p.s.
    Found a 10 year old tube of Autosol, that stuff is gold for polishing up parts.

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    Most effective cleaner for me have been coolant it self I have tried all kind of cleaners and degreasers etc. With coolant i had best results when cleaned my dirty "new to me" lathe.

    Mäntysuopaa en ole koittanut

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    when my Fehlmann P51 arrived, it had a layer of dried up "stuff" everywhere where coolant might have splashed on to and dried up, X/Y table, servos, cables etc, best way to clean that gunk off - plain old water, the purer the water, the easier it will be to dissolve that dirt, pure water is quite a good solvent, and that dried up gunk is water soluble oil after all (mostly anyway), hence why the coolant, which is usually around 90ish % water anyway, worked so well as a "cleaner"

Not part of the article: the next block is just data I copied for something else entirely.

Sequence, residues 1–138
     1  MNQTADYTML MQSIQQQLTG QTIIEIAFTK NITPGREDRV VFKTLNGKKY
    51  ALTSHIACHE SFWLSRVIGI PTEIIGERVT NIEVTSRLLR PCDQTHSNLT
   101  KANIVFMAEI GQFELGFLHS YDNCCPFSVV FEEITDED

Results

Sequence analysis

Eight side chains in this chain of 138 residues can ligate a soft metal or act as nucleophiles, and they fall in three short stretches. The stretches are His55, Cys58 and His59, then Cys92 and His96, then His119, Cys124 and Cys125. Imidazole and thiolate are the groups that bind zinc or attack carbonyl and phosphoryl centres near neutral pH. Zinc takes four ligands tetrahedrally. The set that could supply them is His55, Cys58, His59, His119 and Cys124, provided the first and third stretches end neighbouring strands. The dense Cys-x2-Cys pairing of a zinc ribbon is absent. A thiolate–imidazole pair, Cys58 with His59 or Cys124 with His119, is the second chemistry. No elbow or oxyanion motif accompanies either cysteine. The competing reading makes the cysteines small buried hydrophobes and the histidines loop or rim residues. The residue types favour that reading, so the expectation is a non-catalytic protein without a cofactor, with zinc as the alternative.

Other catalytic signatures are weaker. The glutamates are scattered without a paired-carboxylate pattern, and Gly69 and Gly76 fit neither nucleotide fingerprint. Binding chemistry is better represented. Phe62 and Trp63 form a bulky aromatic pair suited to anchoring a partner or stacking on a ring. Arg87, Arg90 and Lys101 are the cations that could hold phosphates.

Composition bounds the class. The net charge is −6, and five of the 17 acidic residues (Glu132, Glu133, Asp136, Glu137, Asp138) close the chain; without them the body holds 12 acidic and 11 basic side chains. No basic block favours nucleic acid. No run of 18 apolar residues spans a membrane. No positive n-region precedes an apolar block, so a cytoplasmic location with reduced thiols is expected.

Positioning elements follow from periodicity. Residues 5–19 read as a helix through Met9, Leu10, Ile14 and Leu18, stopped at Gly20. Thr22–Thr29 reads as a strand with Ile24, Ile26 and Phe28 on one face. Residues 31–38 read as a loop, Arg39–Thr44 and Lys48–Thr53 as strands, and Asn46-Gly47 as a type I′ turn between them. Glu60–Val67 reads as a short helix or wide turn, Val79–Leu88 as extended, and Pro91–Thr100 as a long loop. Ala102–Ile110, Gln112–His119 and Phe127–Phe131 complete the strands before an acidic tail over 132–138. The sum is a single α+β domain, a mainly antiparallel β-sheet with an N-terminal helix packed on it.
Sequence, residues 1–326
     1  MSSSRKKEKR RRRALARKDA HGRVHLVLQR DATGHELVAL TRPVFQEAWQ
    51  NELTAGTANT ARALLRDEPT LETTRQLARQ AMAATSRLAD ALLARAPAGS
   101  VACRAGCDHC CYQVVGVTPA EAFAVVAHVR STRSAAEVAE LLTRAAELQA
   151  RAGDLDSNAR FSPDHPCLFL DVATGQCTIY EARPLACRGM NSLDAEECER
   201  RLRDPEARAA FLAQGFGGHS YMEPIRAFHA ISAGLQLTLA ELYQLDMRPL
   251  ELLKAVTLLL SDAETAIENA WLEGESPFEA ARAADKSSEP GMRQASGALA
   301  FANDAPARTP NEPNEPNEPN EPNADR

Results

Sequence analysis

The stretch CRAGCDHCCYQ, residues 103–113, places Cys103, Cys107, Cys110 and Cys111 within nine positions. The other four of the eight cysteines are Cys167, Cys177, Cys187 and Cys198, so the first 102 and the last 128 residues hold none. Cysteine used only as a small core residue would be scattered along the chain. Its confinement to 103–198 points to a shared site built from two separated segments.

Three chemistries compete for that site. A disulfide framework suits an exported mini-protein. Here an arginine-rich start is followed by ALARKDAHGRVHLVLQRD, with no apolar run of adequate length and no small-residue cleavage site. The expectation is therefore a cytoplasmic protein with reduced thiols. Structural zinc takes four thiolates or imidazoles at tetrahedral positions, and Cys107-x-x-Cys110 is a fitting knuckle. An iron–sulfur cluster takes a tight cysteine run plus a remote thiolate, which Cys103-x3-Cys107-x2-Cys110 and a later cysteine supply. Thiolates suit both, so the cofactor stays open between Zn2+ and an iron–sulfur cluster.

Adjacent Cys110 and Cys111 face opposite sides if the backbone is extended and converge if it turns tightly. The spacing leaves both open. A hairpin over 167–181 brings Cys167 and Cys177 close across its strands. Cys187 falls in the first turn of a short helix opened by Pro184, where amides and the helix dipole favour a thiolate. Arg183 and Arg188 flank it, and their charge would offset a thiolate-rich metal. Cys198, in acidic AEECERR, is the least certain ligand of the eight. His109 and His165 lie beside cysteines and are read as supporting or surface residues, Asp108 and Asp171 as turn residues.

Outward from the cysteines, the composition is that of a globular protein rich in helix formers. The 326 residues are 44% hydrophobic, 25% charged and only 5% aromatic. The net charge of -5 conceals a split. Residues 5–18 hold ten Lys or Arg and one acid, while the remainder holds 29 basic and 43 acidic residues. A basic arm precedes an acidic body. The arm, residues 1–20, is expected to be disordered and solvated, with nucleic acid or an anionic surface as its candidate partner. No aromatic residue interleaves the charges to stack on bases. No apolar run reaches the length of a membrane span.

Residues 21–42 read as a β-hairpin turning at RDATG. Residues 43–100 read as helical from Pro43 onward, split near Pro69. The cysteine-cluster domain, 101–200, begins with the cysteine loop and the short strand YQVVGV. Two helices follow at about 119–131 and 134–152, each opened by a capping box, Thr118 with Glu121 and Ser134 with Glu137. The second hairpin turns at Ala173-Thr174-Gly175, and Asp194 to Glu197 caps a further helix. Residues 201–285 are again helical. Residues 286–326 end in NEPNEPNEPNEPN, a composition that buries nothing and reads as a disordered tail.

tap water contains chlorides (salts), which likes iron quite a lot, but this friendship is quite undesirable is this context hence me suggesting using purified water

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    To repare the gib I would silversolder on a new piece
    Only if you build it up completly by welding it maigt be stronger
    Defenitly stronger then welding on a piece of steel as the surface is much bigger as with welding
    Let it cool in some dry sand and it will be soft if it is hardening steel
    And even cast iron you can silver solder very easy if the surface of the cast iron is ground on a surface grinder A PITA if you do not grind it A breeze if you do